During school, I was always into painting, but I fell behind in math and other subjects. I tried to go to college for psychology and journalism, but I was instead always doing all these creative things. I found out about a makeup school in Los Angeles called Make-up Designory. It offered everything: beauty and character special effects, hair styling, behind-the-scenes work and more. At the age of 18, I moved and joined that program, jumping both feet in. Upon graduating, I took every freelancing job I could. I was working on everything. I freelanced for five years and sometimes it was a struggle. I knew that’s what I wanted to do, and I’m glad it’s been my life thus far.

After a few years of freelancing, I started working at Sacramento Music Circus. I had actually done a summer internship there when I was 15. I have now been working there for the past six summer seasons. Because of that, wig styling is now a special niche that I have in the makeup and theater world. It is where I learned how to do really fast wig changes, and learned how to work with big name actors. It provided so much of that experience in that specific area of my craft.

With so much to keep track of as you move from town to town, how do you stay organized as you tour Kinky Boots around the country?

I oversee all makeup for the entire show: there are six drag queens called the Angels, all the ensemble women and all the ensemble men. There’s a big binder I call “The Bible,” and it keeps all the plots for all the cast members organized. It has each of their foundation colors, their eyes, their lips – every single detail. Additionally I have this big box that I also keep super organized. It comes around to every city with me, with everything I need.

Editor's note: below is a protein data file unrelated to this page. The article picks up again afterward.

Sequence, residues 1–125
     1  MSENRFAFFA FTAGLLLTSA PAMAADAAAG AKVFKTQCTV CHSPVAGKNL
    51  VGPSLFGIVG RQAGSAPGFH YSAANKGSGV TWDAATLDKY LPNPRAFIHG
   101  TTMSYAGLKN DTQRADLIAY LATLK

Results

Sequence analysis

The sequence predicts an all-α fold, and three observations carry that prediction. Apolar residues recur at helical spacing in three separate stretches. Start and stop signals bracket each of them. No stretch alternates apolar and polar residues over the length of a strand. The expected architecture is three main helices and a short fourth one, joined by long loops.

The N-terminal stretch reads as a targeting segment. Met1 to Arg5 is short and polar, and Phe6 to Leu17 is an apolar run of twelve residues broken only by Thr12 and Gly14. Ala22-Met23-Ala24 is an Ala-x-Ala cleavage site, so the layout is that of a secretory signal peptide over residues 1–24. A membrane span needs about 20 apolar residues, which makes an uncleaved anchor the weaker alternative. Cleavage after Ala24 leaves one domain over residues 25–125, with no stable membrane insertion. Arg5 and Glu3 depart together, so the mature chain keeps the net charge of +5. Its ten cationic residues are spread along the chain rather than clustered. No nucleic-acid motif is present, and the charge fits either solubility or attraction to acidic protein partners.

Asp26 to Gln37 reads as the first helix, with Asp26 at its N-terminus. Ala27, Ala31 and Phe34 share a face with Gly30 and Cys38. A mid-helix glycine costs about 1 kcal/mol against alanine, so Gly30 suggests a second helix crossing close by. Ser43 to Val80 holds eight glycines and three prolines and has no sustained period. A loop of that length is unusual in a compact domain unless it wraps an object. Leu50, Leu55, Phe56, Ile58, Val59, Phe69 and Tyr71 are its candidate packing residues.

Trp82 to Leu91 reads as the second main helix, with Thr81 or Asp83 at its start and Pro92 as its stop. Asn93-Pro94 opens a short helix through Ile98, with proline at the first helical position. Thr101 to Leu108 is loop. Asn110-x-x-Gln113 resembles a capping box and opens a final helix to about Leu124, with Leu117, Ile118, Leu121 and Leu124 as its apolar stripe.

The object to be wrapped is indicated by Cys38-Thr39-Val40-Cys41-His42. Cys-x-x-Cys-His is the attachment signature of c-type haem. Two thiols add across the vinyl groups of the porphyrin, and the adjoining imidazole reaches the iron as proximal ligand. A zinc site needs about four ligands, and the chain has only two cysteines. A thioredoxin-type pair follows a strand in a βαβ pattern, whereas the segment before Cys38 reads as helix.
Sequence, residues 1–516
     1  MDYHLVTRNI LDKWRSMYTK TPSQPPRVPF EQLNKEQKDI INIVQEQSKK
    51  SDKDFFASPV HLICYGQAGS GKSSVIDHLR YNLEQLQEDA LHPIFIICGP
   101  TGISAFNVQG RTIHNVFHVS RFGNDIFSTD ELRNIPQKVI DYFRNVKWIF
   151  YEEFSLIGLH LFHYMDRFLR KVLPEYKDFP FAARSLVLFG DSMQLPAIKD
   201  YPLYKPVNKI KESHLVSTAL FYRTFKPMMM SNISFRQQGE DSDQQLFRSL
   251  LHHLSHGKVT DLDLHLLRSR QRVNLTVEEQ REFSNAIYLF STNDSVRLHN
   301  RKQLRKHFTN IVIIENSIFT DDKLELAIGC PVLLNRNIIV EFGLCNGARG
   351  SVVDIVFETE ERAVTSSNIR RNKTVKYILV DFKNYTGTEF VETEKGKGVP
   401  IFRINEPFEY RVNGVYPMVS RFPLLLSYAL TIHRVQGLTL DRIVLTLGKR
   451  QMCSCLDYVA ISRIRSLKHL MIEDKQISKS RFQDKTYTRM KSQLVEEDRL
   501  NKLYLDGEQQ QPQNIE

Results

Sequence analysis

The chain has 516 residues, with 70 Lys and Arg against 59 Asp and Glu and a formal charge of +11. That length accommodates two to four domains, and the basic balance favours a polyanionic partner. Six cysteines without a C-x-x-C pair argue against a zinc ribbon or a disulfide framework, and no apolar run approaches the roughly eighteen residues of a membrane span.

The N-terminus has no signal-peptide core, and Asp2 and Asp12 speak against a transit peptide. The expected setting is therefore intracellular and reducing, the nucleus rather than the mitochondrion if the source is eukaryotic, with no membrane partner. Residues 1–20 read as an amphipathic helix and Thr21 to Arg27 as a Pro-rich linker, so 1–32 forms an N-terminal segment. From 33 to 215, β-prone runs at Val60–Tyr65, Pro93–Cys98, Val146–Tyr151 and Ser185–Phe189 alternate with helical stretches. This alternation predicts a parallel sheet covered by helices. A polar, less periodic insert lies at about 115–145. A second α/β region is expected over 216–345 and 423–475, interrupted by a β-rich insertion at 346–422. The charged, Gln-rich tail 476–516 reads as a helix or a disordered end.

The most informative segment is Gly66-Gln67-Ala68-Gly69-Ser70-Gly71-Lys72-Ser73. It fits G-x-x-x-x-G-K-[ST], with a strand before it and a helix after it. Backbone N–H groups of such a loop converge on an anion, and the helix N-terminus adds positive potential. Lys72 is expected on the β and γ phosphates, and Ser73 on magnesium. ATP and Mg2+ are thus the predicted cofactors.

Even though every city is totally different, I have all these systems that I set up exactly the same in every city. For example, the factory workers have fake tattoos, which I apply on those actors every performance. A company prints the custom tattoos with the ink and send them out to me as I need them. To do so, I have a tattoo station where those actors get their custom tattoos applied. They know where to go!

Can you provide a glimpse into what a run of a single performance is like for someone in your position?

I have an hour-and-a-half call before each curtain, every single show. I arrive for what we call “Continuity Hour” where we get organized and touch up wigs. Then at an hour before, I go up to Lola’s room where it takes about a half hour to do her first full drag look. Now I have it down to a routine, and we have a good time with it: we turn on music, we chat if the actor wants. From there, I apply a few more wigs to other actors. At five ‘til curtain, I apply Lola’s lips, which is a five-step process – it’s meticulous. We then put Lola’s wig on next, then the show starts. I run the show with cues, following Lola the entire time. She has five different looks, so I’m constantly changing hair and makeup in between. If Lola’s not on stage, he’s in my chair! At the end of the show, I collect wigs, and we clean and lock everything up. That’s all about three hours… so picture doing that twice on a Saturday and twice on a Sunday!